Naperville North Theatre performs spring play “Naperville” in a unique setting


Photo by Claire Tanza

From Jan 26 – Jan. 29, Naperville North Theatre will be showcasing its spring play titled “Naperville,” the story of a familiar place depicted within an intimate viewing experience.

“Naperville” tells the story of a man who leaves his career in Seattle to move back to Naperville, Illinois to help his mother recover from an accident that left her blind. At the local Caribou Coffee, he reunites with an old high school crush and a town expert. He soon finds himself embracing the beauty of the suburbs, past love and family. 

The play places a strong emphasis on Naperville as a suburban town. Since Naperville is likely the hometown of many of its viewers and student actors, the performance has the potential to strike a deep connection with both groups. NNHS Communication Arts teacher, NNHS Theatre sponsor and director of the spring play Thomas Parry says the play frequently references familiar concepts to those who grew up in Naperville.

“The people who are watching the show who live in Naperville, it is just extra special. There are references to Naperville, to things in Naperville, landmarks that people are going to get and understand that’s going to hit closer to home compared to anybody else,” Parry said. 

To maintain the story’s intimate atmosphere, the show has two separate casts of just five people; this differs from the average NNHS production cast which typically ranges from twenty to twenty-five people. Parry says the unconventionally small cast is essential to portraying the sentimental nature of the story.

“To be able to have a cast of five, allows you to focus on those little moments and allows you to dig deeper with characters than you would with a bigger cast,” Parry said.

In order to capture those small details, the production is meant to be watched in “black-box seating” in which audience members are viewing the production while sitting on the stage. The production crew has blocked off the edges of the stage and added three-tiered seating to accommodate the arrangement. NNHS junior and co-student director Colette Reckamp says this style of seating elevates the viewing experience from traditional seating.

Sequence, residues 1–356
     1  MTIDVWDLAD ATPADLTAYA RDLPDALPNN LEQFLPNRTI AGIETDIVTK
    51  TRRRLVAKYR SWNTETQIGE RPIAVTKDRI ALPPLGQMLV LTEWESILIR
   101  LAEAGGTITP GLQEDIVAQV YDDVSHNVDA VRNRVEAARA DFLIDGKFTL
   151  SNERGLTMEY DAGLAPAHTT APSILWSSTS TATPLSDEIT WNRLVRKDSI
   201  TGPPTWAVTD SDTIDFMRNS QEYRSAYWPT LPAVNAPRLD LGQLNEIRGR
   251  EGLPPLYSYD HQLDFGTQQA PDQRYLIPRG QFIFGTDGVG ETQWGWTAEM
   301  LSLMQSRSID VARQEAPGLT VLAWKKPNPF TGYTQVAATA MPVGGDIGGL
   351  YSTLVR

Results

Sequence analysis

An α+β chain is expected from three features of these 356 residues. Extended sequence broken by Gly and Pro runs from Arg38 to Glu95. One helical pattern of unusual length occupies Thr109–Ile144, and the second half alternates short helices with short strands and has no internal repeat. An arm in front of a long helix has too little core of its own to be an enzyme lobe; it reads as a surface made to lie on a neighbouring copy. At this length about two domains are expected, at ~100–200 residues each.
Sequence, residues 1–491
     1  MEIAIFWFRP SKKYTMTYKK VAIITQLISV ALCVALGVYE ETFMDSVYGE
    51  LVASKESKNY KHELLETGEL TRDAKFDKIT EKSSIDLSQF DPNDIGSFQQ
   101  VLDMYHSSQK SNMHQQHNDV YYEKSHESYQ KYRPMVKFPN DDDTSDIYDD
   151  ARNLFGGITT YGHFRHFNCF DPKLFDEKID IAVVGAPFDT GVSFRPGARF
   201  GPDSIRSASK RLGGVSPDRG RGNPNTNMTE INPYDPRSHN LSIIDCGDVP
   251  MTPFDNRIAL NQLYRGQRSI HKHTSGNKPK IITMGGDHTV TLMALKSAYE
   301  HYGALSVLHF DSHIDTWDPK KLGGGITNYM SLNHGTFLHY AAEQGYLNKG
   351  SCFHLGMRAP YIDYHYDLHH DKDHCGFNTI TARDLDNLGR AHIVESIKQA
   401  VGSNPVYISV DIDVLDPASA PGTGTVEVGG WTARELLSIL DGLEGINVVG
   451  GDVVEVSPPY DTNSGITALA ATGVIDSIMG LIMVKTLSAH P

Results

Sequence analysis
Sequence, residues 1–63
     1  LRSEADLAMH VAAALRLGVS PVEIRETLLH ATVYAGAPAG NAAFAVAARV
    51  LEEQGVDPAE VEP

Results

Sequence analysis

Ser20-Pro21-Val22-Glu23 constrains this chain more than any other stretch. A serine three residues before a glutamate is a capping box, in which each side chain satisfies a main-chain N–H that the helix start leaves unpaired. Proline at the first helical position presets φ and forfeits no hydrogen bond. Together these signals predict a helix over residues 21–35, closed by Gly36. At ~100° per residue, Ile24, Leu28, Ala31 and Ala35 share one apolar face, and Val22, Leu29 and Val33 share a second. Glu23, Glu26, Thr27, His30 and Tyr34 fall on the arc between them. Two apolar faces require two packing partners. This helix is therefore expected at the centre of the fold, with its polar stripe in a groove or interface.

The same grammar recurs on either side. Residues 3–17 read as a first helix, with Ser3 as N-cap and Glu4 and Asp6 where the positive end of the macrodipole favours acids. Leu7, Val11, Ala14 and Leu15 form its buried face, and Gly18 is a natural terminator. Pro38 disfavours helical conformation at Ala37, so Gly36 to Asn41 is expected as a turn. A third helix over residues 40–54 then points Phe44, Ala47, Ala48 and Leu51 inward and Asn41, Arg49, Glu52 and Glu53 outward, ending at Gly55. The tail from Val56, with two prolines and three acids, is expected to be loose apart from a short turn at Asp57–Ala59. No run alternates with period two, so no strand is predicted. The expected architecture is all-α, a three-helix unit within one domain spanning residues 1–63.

“The idea is that the audience is in the coffee shop with the characters. It’s set up as three sides of a rectangle and the action is happening in the middle…[It] gets you sucked into the action,” Reckamp said.

With a culmination of intimacy with the seating arrangement and a story that draws the audience in, the cast is able to connect with the other actors in addition to their own. “Naperville” has given Naperville North senior Ariana Samonds the opportunity to create a profound bond with her character, Candice. 

“I love being in a show like this because I feel like I could add another emotional connection to it. Not only is it placed in Naperville, but I have emotional similarities to my character. I feel like I have a better attachment to it,” Samonds said.

The spring play highlights the town that many NNHS students have grown up in. While the play is fictional, the story may reflect the realities of personal experiences in a familiar environment.

Performances of “Naperville” take place from Jan. 26-28 at 7 p.m. and Jan. 29 at 2 p.m.  Tickets to all performances can be purchased here.